Court of Appeals of Ohio, Second District, Montgomery
Criminal Appeal from Common Pleas Court Trial Court Case Nos.
MATHIAS H. HECK, JR., by ANDREW T. FRENCH, Atty. Reg. No.
0069384, Attorney for Plaintiff-Appellee.
BRINKMAN, Atty. Reg. No. 0088253, Attorney for
1} Curtis Parker appeals from his convictions and
consecutive sentences in two trial court cases that were
sentenced at the same time. In Montgomery C.P. No.
2018-CR-0044, Parker was indicted on February 1, 2018 for one
count of conveying drugs into a detention facility, a
third-degree felony. In that case, Parker pled guilty to an
attempt to commit the indicted charge, which made the offense
and the conviction a felony of the fourth-degree. By entry of
April 25, 2018, he was sentenced to community control
sanctions including a term of local incarceration. On June 6,
2018, while incarcerated, Parker left his work assignment at
a local food pantry and failed to return to the detention
facility. He was indicted for escape, a third-degree felony
(because he was under detention for a fourth-degree felony,
R.C. 2921.34(C)(2)(b)), in Montgomery County C.P. No.
2018-CR-2217 on June 22, 2018. On July 17, 2018 he entered a
plea of guilty as charged in the new case and admitted to a
community control sanction violation in the older case. On
August 24, Parker was sentenced to nine months in prison on
each of the cases, to be served consecutively.
2} Parker's appointed appellate counsel has
filed a brief pursuant to Anders v. California, 386
U.S. 738, 87 S.Ct. 1396, 18 L.Ed.2d 493 (1967), asserting the
absence of non-frivolous issues for review. By order filed
February 6, 2019, we notified Parker of the Anders
filing and gave him an opportunity to submit a pro se brief,
but he did not do so.
3} Counsel identifies, as potential issues, possible
arguments regarding the Parker's sentencing, the
consecutive nature of the sentences, and whether due process
was followed regarding the community control sanction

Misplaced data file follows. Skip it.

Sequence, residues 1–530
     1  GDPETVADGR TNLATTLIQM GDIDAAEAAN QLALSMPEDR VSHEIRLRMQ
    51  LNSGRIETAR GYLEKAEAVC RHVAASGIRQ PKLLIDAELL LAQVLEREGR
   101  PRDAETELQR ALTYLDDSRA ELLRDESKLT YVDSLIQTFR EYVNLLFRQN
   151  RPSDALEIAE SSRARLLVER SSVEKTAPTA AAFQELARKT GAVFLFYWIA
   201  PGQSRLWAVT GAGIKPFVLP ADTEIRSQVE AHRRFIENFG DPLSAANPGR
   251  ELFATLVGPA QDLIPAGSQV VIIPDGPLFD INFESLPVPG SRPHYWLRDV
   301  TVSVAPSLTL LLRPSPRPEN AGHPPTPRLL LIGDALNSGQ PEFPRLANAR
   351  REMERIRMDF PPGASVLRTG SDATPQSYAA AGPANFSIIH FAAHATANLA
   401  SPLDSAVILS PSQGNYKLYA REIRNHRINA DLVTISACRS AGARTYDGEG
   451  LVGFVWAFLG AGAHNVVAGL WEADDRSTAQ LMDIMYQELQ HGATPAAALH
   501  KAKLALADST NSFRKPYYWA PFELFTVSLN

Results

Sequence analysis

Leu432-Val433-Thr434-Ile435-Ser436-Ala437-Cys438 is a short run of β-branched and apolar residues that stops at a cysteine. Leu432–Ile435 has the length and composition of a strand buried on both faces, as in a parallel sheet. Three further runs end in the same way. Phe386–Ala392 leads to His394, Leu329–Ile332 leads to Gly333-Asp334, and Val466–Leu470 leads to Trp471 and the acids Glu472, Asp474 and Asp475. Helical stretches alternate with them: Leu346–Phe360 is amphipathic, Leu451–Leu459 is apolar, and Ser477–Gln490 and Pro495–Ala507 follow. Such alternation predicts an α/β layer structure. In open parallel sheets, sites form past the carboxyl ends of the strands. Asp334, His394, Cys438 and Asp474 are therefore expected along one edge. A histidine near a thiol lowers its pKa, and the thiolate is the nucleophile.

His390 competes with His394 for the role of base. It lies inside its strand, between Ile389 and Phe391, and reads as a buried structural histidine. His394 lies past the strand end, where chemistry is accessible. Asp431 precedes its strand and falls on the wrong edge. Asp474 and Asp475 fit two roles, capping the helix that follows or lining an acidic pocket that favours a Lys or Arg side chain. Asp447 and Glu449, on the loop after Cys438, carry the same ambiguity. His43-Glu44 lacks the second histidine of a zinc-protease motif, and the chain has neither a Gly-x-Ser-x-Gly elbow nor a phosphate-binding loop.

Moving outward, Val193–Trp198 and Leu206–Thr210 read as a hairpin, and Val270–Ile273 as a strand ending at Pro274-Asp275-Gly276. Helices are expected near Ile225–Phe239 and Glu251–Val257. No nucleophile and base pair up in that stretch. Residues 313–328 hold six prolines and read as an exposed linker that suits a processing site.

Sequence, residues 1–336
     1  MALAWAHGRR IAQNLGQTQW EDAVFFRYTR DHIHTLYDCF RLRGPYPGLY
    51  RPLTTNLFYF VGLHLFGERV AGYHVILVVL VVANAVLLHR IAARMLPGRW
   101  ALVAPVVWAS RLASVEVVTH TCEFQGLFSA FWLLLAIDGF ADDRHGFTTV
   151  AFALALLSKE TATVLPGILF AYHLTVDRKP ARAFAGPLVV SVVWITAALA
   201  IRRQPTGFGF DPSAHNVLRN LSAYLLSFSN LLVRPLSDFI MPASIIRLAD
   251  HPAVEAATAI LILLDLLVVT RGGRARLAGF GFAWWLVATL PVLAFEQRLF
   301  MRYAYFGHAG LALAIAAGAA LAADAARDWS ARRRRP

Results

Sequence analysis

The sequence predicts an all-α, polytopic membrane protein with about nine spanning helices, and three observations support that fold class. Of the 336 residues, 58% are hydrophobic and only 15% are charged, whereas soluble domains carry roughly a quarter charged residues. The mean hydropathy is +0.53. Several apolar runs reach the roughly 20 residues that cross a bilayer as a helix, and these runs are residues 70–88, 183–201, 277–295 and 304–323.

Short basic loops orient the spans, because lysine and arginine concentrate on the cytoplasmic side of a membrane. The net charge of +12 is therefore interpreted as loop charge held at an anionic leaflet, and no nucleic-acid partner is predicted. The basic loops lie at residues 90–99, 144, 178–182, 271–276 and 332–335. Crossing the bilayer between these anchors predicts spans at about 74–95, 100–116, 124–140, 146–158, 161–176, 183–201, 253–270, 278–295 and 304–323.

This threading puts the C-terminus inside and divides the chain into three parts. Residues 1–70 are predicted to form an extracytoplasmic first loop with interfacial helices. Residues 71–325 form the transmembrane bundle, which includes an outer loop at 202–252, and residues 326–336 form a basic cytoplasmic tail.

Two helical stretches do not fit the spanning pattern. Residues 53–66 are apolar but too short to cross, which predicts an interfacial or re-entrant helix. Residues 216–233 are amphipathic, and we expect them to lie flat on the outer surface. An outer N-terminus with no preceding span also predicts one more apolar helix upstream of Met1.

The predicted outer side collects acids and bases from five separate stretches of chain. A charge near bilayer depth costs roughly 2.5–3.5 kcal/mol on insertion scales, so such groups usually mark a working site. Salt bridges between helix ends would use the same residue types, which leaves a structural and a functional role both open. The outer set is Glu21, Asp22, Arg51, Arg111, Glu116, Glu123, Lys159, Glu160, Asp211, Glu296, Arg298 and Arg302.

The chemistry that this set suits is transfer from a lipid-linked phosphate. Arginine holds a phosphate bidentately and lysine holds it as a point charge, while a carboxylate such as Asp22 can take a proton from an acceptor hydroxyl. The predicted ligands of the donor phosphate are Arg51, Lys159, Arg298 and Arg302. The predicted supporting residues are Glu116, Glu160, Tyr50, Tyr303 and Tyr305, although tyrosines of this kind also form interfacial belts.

revocation. However, counsel concludes none of these have
4} Initially we note that when Parker entered a
guilty plea in Case No. 2018-CR-0044 he was sentenced to
community control. He did not appeal the initial conviction
and the imposition of community control. Arguments concerning
that plea and initial sentencing should have been raised in
an appeal at that time and cannot be raised now. State v.
Turner, 2d Dist. Montgomery No. 27350, 2017-Ohio-4101,
¶ 8. In addition, Parker's community control
included a term that he would "refrain from violation of
any law." Notice of CCS Revocation, Doc. #29.
5} On July 17, 2018, in conjunction with his guilty
plea to the escape charge in Case No. 2018-CR-2217, Parker
admitted that he violated his supervision by walking away
from confinement at the Secure Transitional Offender Program
(STOP) as indicated in the notice of CCS revocation hearing.
Nothing in the record indicates that Parker's plea to the
escape charge or the admission to the community control
violation was anything other than knowing, intelligent, and
voluntary. The trial court fully complied with Crim.R. 11 in
taking the plea. There is simply nothing in the record to
support an issue with arguable merit about the guilty plea or
admission of the violation.
6} Turning to the sentencing, in Case No.